Now, for the first time, was it possible to locate with something like certainty the seat of the lesion, for it is in lesions of the pons that we have paralysis of sensation or motion, or both, of the side of the body opposite the lesion and paralysis of the trigeminus, abducens, facial, hypoglossal, and possibly the auditory nerve, all upon the same side of the body as the lesion. Vertigo, also, is an accompaniment of lesions of the pons, and in this case was a constant symptom, as was, also, exaggerated patellar reflex on the side opposite the lesion and absence of mental disturbances. If, however. the disease should be situated high in the pons, near where the crus passes into it, there would be a unilateral paralysis, i. e., cranial nerves, and limbs would be affected upon the same side opposite the lesion.

About the middle of July the left side of the tongue became paralyzed, so that mastication became difficult on account of inability to move the food about. August 10th, suddenly, in the night, death closed the scene, probably by implication of the nerves of respiration. No post mortem was had, but the case was diagnosed "Disseminated Solerosis."

Differentiation.-Tremor, incoördination, increase of tendon reflexes, optic nerve atrophy, peculiar speech, and vertigo, were all present in this case. The tremor, however, was not so prominent as writers are accustomed to describe as belonging to disseminated sclerosis, was not nearly so noticeable as the incoördination, which was very marked. Whenever the patient attempted to carry a glass of water to the mouth she always spilled more or less of it, or touched some other part of the face before getting it to the mouth. The speech, although peculiar, was not jerky, tremulous or scanning, described as belonging to sclerosis, but more like that belonging to paralysis agitans, that is, slow, deliberate, monotonous. Nystagmus and contracture, frequent symptoms of dissiminated sclerosis, were not present. The duration of the disease is another point of dissimilarity. It is described as being exceedingly chronic; the shortest duration I can find is by Gowers, twenty-one months, while this case lasted only five months from the time I first saw it; how long it had been in progress I could not find out certainly.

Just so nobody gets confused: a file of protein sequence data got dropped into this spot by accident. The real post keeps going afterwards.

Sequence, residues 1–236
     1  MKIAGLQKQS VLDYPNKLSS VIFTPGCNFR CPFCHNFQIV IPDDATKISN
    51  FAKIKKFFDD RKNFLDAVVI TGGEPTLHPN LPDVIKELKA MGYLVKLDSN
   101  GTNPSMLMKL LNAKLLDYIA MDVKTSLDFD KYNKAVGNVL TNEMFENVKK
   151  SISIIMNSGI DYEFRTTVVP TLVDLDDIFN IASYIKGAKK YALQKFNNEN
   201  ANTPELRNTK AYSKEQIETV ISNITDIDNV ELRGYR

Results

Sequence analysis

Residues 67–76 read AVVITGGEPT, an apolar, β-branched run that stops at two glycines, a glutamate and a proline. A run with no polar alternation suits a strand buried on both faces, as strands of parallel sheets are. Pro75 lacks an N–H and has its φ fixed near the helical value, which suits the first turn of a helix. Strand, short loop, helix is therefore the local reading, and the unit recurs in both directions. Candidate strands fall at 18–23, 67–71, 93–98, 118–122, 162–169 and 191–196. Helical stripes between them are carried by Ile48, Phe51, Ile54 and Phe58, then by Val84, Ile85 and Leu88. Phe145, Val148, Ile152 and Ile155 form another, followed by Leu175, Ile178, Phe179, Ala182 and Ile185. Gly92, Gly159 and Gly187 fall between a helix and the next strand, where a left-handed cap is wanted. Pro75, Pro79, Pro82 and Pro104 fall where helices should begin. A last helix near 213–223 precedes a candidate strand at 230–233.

Prognosis. The prognosis is said to be bad in these casesnone ever recovering. This I am prepared to believe, for in spite of strychnia, iodide and bromide of potassium, ergot, and the entire class of remedies usually tried in such cases, there was never the slightest improvement in any symptom except the ptosis. This is especially a noteworthy feature, and one hard to account for in view of the progressive character of the disease, new areas all the while becoming involved; and, also, in view of the fact that the first symptom presented in the case, hemiplegia, never improved in the least, but grew rather worse all the time, never, however, becoming complete.

Proceedings of Societies.



President J. B. Murfree called the meeting to order, and it was opened with prayer by Rev. R. B. Garrett.

The first paper read was by Dr. Y. L. Abernathy, entitled "Convulsions in Children Treated by Large Doses of Morphine." He cited several cases which were about to die and recovered under large doses of morphine.